Monday, June 04, 2012
Around 12 years ago, a then two or maybe three year old nephew of mine, in his freshly minted knowledge of English had said
"God is Lau"
I think he meant "Love". Or maybe not.
I am never sure of such stuff.
Everytime I cook a lau--the lauki -- the bottlegourd, I think of that line and try to search for some deeper meaning.
But he also went around saying "God is GodParmesh" which I THINK does not deliver any profound message. Or maybe does.
The bottlegourd---the one we call lau is a favorite summer vegetable for the bangali. It is a beautiful shade of green that captures your senses in the baked brown heat of an Indian Summer. Top it with its cooling qualities and high water content,and you have a veggie that is brought back from the haat every other day along with two more favored summer veggies -- potol and jhinge. By the time the hottest summer is over Bengalis are only too glad to tuck away their lau recipes and look around for a fulkopi.
Everytime my Ma made a Lau, she saved away the peel, the lau er khosha, to make a quick stir fry. She did a similar thing with potato skins. No points for guessing which I liked better.
Friday on a whim I saved the lau er khosha -- the peel. It is not a regular feature. Mostly I am lazy and throw it away. This time I didn't. I did not chop it fine though as is the norm. I have little patience with such things. The kitchen Nazi husband was aghast. "Jhiri Jhiri kata hoy ni!", he bemoaned. The peels are not julienned being the essence.
I ignored and posted the pic of the bottle gourd peels which were not "jhiri-jhiri" on my FB blog page. Well it turned out 99% of Bengalis were as aghast as the kitchen Nazi husband. Most of my blog readers are very polite and so they protested only meekly. I stir fried my un-jhirijhiri peels with kalonji and dry red chili. They tasted fine enough.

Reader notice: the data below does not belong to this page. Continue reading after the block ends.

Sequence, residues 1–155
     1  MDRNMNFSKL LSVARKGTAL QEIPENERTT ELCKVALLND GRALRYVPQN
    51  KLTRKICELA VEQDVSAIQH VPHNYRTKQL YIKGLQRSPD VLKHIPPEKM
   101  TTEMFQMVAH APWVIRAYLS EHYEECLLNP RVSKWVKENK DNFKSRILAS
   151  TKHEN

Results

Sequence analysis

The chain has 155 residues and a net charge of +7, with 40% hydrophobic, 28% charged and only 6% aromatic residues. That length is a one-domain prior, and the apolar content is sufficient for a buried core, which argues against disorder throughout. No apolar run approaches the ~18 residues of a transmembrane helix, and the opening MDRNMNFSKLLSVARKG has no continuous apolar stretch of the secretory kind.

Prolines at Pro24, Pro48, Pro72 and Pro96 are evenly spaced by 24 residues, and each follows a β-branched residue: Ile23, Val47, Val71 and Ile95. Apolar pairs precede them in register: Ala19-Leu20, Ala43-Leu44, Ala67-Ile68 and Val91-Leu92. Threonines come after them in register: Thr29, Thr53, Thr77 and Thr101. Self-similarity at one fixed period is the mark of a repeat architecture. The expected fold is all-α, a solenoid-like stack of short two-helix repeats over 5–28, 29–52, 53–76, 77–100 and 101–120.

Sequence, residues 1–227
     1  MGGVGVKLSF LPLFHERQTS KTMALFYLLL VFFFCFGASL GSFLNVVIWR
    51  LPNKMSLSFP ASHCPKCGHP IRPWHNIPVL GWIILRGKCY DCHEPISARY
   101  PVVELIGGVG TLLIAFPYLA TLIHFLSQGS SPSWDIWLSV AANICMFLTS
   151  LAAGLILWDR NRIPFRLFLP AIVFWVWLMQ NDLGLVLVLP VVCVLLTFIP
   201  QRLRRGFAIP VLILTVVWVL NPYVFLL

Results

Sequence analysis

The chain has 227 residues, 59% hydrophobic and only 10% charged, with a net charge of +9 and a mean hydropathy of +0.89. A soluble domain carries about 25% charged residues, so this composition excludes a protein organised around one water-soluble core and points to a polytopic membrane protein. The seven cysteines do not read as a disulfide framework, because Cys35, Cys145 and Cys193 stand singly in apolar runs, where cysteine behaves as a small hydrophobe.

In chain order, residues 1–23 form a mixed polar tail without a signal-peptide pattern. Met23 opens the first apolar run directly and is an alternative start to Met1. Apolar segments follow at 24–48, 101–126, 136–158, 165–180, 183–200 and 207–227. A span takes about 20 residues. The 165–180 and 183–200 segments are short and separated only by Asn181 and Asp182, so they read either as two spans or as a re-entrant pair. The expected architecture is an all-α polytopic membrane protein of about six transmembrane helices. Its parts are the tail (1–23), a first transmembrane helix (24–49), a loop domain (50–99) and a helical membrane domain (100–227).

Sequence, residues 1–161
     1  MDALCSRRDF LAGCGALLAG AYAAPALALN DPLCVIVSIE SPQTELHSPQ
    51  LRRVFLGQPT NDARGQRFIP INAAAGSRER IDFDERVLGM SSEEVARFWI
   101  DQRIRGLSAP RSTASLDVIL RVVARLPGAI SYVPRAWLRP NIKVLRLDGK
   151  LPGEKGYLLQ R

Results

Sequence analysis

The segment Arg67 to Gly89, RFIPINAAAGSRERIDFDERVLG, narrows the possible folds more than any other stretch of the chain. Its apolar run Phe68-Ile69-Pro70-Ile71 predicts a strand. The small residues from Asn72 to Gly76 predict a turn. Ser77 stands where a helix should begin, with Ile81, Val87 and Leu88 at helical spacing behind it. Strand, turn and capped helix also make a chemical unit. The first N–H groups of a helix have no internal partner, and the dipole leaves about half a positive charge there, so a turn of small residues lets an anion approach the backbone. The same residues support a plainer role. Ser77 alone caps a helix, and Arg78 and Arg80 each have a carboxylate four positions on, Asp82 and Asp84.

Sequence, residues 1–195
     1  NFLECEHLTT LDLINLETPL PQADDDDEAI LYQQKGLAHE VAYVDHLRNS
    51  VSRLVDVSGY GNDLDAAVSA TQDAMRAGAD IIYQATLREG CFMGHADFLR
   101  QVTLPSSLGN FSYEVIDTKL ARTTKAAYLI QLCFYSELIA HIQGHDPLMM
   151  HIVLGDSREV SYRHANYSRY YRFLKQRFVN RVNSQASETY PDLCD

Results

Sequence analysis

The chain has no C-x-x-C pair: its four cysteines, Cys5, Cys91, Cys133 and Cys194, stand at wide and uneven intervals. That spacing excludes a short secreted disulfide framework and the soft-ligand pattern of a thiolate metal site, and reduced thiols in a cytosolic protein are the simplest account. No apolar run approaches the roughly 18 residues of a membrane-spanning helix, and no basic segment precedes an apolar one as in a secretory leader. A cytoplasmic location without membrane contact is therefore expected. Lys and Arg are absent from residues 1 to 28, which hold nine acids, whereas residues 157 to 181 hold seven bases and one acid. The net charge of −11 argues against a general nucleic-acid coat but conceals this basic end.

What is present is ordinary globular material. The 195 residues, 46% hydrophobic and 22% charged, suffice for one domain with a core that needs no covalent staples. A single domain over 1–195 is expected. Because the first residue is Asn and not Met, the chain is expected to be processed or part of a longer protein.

The next morning the husband who was obviously itching to get the peels done right got hold of another bottlegourd. He peeled strips of the pale green peel in three-quarter of an inch width and piled them high. Then he chopped them fine along the width -- jhiri jhiri. Everyone breathed relief. I made the stir fry again. It tasted the same. I guess if the skin or peel is a tough one the fine cut is necessary else the peel might burn before it gets fully cooked. In this case the peel was soft and tender and both ways worked.
But I dare not tell a Bong that. If it is Lau er Khosha -- they want it jhiri jhiri.
Peel the skin of a bottlegourd. Chop it in julienne. There will very little peel from a single gourd, I had only 1/4 cup of it.
Wash it well. Now toss it with little salt and turmeric powder. Keep aside for 10 mins.
Heat 1 tsp Mustard Oil
Temper oil with 1/4 tsp Kalo Jeera(Kalonji) and 2 Dry Red Chili
Drain any excess water from the peels and add it to above. Now saute the peel at medium high heat. Sprinkle water as needed.
Add sugar and salt to taste. Go easy on the salt as you added some earlier. Sprinkle some poppy seeds on top and cook till the skin has softened and is cooked.The poppy seed is optional.
A variation from Reshmi Bose as suggested on Facebook: Temper with Kalo jeera, sliced garlic and one green chili